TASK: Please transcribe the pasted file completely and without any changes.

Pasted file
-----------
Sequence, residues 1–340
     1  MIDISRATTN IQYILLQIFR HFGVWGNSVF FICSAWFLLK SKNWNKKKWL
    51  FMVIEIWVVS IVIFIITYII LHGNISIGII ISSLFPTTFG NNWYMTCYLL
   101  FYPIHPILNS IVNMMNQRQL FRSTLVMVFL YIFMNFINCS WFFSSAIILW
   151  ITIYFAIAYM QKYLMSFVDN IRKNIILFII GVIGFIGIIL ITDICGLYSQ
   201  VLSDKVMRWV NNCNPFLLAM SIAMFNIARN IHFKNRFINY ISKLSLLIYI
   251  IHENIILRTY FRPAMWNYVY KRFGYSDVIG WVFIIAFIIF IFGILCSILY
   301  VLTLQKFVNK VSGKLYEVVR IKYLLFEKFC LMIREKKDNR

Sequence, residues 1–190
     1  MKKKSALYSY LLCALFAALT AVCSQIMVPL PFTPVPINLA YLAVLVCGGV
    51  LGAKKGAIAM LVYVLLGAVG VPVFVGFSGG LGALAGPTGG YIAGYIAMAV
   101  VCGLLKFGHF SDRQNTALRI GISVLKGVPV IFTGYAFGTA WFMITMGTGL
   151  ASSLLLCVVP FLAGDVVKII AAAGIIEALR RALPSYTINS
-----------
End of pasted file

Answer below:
Sequence, residues 1–340
     1  MIDISRATTN IQYILLQIFR HFGVWGNSVF FICSAWFLLK SKNWNKKKWL
    51  FMVIEIWVVS IVIFIITYII LHGNISIGII ISSLFPTTFG NNWYMTCYLL
   101  FYPIHPILNS IVNMMNQRQL FRSTLVMVFL YIFMNFINCS WFFSSAIILW
   151  ITIYFAIAYM QKYLMSFVDN IRKNIILFII GVIGFIGIIL ITDICGLYSQ
   201  VLSDKVMRWV NNCNPFLLAM SIAMFNIARN IHFKNRFINY ISKLSLLIYI
   251  IHENIILRTY FRPAMWNYVY KRFGYSDVIG WVFIIAFIIF IFGILCSILY
   301  VLTLQKFVNK VSGKLYEVVR IKYLLFEKFC LMIREKKDNR

Sequence, residues 1–190
     1  MKKKSALYSY LLCALFAALT AVCSQIMVPL PFTPVPINLA YLAVLVCGGV
    51  LGAKKGAIAM LVYVLLGAVG VPVFVGFSGG LGALAGPTGG YIAGYIAMAV
   101  VCGLLKFGHF SDRQNTALRI GISVLKGVPV IFTGYAFGTA WFMITMGTGL
   151  ASSLLLCVVP FLAGDVVKII AAAGIIEALR RALPSYTINS